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Enoch and Deborah Harris

Kalamazoo County Black Pioneers

Enoch and Deborah Harris

Among the earliest pioneers in Oshtemo Township were Enoch Harris and his family, the first black settlers in Kalamazoo County. They arrived in Michigan from Marion County, Ohio, in approximately 1830, bringing with them seed from which they are said to have planted the first apple orchard in Kalamazoo County.

Harris was sufficiently respected by his neighbors that he was often asked to mediate property disputes. The Harris family also owns the distinction of celebrating the first wedding in Oshtemo Township, when daughter Louisa Harris married Henry Powers in 1836.

Enoch Harris was born in Virginia in 1785 and raised in Pennsylvania, here he married his wife, Deborah, in 1812. She was born in 1793. They had settled more than once on the Ohio frontier before coming to Michigan.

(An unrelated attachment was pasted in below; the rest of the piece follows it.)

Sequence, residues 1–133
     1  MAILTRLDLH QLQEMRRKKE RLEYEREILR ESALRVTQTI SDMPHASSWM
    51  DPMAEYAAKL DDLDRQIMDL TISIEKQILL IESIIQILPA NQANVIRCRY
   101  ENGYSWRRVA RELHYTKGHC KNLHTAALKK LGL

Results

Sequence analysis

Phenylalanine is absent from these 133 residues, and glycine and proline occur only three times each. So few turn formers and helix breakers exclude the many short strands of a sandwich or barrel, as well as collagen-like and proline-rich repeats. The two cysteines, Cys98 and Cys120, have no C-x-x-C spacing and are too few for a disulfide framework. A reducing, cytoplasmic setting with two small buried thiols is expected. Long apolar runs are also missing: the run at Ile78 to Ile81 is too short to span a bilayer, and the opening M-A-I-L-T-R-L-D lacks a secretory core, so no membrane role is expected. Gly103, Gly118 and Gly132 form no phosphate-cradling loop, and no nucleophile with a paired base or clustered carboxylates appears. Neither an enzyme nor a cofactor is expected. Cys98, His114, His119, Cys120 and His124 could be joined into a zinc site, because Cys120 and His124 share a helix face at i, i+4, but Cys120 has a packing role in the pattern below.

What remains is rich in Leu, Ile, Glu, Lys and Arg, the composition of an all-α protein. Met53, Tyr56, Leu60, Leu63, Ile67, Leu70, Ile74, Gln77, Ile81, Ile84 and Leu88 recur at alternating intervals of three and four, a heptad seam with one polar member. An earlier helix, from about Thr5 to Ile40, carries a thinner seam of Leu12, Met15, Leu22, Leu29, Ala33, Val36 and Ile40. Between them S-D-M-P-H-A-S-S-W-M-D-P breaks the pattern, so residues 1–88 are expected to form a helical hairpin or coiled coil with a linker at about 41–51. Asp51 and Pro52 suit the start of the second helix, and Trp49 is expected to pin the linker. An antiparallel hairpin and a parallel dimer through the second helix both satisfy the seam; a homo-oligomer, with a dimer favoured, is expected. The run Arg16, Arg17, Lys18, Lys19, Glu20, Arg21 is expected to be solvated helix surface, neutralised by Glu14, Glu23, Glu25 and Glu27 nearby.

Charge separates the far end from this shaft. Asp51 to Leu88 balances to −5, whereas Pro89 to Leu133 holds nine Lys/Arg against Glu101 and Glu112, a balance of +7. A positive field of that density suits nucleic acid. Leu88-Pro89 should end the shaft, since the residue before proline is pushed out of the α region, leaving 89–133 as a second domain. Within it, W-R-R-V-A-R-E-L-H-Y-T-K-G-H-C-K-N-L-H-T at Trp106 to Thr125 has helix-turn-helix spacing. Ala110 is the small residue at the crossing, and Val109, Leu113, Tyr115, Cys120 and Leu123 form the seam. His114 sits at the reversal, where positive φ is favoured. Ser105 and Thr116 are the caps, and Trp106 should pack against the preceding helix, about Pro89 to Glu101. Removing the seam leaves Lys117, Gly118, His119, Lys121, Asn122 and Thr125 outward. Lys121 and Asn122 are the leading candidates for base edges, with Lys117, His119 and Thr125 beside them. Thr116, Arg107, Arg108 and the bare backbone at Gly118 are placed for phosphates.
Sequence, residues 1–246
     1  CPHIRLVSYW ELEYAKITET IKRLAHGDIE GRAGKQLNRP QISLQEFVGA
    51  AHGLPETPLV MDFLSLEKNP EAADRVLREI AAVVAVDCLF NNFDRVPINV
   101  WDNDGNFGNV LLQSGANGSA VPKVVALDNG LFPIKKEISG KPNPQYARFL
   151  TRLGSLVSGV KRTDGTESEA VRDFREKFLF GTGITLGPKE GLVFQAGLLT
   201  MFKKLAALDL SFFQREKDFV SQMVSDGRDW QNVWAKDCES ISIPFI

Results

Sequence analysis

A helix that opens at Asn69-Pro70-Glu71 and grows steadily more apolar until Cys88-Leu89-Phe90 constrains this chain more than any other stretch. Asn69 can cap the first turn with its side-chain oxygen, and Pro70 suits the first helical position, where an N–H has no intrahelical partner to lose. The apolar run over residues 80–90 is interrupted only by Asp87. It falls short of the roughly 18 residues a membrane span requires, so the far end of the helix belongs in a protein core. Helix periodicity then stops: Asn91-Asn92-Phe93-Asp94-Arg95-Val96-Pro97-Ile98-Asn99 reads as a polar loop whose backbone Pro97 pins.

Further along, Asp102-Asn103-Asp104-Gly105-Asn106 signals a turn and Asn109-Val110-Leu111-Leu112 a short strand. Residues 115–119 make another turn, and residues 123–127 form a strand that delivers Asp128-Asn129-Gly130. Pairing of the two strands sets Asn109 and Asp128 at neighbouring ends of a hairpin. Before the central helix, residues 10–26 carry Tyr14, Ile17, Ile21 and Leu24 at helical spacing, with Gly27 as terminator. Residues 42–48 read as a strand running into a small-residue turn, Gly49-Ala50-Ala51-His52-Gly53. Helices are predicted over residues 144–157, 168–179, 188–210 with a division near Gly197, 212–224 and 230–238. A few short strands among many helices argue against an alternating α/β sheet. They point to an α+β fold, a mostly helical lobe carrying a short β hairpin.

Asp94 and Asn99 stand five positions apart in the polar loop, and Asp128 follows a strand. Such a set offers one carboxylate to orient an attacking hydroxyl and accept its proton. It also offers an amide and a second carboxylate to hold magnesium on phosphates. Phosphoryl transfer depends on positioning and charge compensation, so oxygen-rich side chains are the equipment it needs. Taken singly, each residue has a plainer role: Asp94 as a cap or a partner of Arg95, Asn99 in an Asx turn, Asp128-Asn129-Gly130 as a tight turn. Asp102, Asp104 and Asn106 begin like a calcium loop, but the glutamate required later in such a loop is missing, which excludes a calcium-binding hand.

Harris House
Harris House, 5821 Parkview, 2004 Photo courtesy of the Southwest Michigan Black Heritage Society

Enoch Harris died on 21 March 1870, at the age of 85. His wife died on 2 May 1881. Both are buried in Genesee Prairie Cemetery, located at the corner of Parkview Avenue and 11th Street, where a historical marker was dedicated in their honor in 1973. They left many descendants, some of whom still live in Kalamazoo County.

The Harris home stood in Oshtemo until May 2006. It was in poor condition, and the owner was unwilling to make the necessary expensive repairs. The Oshtemo Township Fire Department used it to train firefighters to rescue people from burning buildings, then they burned it to the ground..

Written by Karen Santamaria, Kalamazoo Public Library Staff, 2002. Last updated 18 July 2006.




History of Kalamazoo County, Michigan
Durant, Samuel W.
Philadelphia: Everts and Abbott, 1880
H 977.417 H67u


“Historic home burned after training”
Kalamazoo Gazette, 23 May 2006, Page A1, column 1
“Enoch Harris – Negro Pioneer”
Praus, Alexis A.
Michigan Heritage, Vol. 2, No. 2, pp. 61-66

History Room Name File

Harris, Enoch

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